4 min

The “Snakes and Ladders” of open contracting

People meeting in front of a board.
Written by
Published on
September 27, 2017

This post was written by @anabmap and originally published on the Web Foundation’s Open Data Lab Jakarta website.

Public contracting isn’t a topic people really talk about. It rarely makes headlines — but it’s important and it is exciting once you break it down. It’s on the roads we drive, in the schools we take our kids to, in the public services we use, it’s everywhere. That’s why having effective mechanisms to run these systems is key.

Setting the stage for open contracting

In August, the Web Foundation’s Open Data Lab Jakarta hosted a four-day “Open Contracting and Governance Workshop”, organised in partnership with the World Bank. Ten governments — Philippines, Thailand, Vietnam, Mongolia, Bhutan, Pakistan, Afghanistan, Bangladesh, Sri Lanka, and Indonesia — gathered in Jakarta, Indonesia to take part. Why? To learn about how open procurement can improve public contracting — with lessons they can take and implement in their countries.

Open contracting is about making public procurement in government more transparent and accountable. This means not only disclosing data but also standardising it: making sure that data is reusable, machine-readable and published in an open format according to the framework of the Open Contracting Data Standard. When we can hold governments accountable for how public money is spent, we get more effective investments in public services.

Identifying the snakes and ladders

In one of the workshop sessions, participants were asked to illustrate the contracting process in their country, identifying the various challenges (snakes) that hinder their progress as they try to climb the ladders towards better public contracting processes. They mapped out their contracting cycles, using green cards to show the steps of the contracting process, red cards for the snakes, blue cards to show the data that is produced, and stars to show what data is shared with the public as open data.

These maps helped participants to think about open contracting ‘interventions’ — ideas for how they would improve public contracting in their countries. Participants were asked to select an intervention for a specific open contracting action and explain how it would improve contracting in their countries, why it was needed and, most importantly, how it would enable long-term institutional change in government.

Finding a way around the snakes

This was not an easy process or activity. Governments, such as the city of Bandung in Indonesia, have already begun open contracting implementation by adopting the Open Contracting Data Standard and are even running an interactive open contracting data visualisation portal to analyse contracting data. Now they need to address the challenge of encouraging citizen participation and engagement in the monitoring and evaluation stage of the contracting process.

Meanwhile, newcomers to open contracting such as Bhutan, are still in the process of moving from a paper-based system to e-procurement. Here, the necessary open contracting intervention starts with the policy process by supporting legal reform and drafting a procurement act. The absence of such an act was identified as one of the main challenges in the planning phase of the contracting cycle. Implementing open contracting values within policy, law and the procurement act is a necessary foundation for open contracting.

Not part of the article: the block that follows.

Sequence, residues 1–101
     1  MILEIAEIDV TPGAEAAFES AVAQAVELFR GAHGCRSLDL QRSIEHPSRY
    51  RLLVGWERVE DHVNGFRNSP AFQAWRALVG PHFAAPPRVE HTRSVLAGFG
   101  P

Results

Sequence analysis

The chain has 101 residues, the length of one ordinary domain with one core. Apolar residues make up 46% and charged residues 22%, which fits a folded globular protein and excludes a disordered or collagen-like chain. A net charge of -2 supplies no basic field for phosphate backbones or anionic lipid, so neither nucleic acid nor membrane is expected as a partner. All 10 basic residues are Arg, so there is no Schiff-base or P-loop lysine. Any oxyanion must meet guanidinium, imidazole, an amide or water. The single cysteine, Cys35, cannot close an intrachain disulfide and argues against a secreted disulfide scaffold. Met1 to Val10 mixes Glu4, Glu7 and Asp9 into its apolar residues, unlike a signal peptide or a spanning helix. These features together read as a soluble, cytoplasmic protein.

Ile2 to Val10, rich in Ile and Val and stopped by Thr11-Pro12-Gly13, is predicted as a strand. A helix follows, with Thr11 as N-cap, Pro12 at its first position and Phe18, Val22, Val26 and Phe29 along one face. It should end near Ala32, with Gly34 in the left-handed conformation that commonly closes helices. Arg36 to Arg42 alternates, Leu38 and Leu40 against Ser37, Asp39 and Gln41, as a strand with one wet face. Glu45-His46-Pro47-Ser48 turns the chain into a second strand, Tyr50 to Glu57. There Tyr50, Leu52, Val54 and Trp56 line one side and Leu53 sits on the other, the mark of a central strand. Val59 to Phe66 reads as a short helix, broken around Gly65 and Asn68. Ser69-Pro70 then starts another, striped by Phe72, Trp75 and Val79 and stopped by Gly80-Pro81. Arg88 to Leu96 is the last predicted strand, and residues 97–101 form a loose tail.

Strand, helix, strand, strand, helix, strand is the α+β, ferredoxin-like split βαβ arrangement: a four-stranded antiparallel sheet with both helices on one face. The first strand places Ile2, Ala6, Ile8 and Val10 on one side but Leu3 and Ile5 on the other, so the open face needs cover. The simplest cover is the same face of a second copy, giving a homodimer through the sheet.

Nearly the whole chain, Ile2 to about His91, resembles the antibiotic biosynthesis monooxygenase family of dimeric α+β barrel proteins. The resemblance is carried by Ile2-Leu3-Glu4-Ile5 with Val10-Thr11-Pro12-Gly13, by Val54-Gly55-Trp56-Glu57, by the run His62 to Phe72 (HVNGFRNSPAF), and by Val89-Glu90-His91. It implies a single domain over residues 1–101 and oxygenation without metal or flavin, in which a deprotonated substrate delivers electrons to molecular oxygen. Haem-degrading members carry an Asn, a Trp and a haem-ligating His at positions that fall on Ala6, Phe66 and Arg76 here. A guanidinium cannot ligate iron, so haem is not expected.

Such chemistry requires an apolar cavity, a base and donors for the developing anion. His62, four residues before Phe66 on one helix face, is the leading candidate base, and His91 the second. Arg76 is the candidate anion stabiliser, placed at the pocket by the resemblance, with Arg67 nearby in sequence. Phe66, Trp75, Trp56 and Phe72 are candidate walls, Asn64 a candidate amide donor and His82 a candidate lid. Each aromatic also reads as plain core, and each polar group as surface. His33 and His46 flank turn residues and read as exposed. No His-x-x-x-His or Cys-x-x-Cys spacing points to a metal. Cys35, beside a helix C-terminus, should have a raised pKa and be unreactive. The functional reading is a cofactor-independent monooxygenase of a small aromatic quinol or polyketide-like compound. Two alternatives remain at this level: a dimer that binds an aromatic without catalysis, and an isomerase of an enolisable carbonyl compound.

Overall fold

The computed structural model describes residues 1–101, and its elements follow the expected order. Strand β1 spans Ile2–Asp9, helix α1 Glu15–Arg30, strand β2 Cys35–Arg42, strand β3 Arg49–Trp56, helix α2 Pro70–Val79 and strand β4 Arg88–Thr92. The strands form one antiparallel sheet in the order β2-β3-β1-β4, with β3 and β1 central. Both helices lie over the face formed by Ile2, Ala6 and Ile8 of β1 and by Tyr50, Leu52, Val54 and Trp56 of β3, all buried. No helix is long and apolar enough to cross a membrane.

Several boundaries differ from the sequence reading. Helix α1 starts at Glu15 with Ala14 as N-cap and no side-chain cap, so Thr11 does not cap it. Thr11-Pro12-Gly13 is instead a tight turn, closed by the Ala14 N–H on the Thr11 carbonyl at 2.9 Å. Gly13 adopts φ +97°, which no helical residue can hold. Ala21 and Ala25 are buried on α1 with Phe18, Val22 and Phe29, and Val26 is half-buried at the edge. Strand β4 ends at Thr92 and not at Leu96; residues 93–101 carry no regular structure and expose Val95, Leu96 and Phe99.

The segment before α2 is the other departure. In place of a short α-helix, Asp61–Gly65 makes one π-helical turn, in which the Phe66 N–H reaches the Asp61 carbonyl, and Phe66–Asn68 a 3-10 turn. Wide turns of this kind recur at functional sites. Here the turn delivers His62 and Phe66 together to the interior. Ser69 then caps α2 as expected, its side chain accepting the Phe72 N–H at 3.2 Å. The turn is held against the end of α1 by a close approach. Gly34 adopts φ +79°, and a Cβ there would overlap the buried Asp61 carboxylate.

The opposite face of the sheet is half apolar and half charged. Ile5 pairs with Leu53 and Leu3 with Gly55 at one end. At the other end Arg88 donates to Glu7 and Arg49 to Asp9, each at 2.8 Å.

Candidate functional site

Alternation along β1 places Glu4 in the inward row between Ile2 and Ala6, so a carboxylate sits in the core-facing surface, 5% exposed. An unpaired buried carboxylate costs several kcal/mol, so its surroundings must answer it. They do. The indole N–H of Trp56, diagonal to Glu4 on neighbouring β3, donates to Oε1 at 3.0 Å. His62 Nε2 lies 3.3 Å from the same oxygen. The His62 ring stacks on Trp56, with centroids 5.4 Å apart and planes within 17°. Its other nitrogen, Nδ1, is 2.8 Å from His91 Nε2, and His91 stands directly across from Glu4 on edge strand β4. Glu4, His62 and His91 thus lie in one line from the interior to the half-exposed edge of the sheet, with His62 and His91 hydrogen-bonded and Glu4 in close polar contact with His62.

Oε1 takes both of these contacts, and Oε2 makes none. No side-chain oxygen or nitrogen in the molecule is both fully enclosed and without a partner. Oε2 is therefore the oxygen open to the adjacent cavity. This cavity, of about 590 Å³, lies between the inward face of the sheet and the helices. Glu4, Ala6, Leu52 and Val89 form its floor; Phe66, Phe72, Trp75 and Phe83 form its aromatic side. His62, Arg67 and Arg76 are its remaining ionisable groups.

Ladders to climb to better public contracting

Participants shared lessons from their respective countries, focusing on how to overcome challenges and move forward with open contracting adoption and implementation. A number of key ingredients for effective public contracting emerged, including:

  • An understanding of who the users are and a clear user value proposition.
  • Strong sponsors within government that are able to provide sustained financing as well as being open to reform.
  • Good governance to establish legitimacy by providing transparency and accountability.
  • Strong partnerships with key actors across government, business and civil society.
  • The need to improve existing systems, not only build new applications.
  • A strong legal system that will support technical implementation throughout the adoption process.
  • Incentives and capacity-building for use cases in the contracting process, such as value for money, anti-corruption measures against fraud, and monitoring service delivery.

At the end of the four days, the participants had many takeaways. One of these was an action planning document to inform colleagues back in their country about open contracting, what it could mean for their government and how to avoid the snakes and climb the ladders going forward.

If you like this story and would like to learn more about the Open Data Lab Jakarta, visit our projects page and blog for regular updates. You can also check out our resources section to learn more about the models and approaches we develop, test, and adopt to find actionable and sustainable solutions tackling social issues.

We always need more women in #opencontracting. Join the conversation on Twitter and at standard-discuss@open-contracting.org

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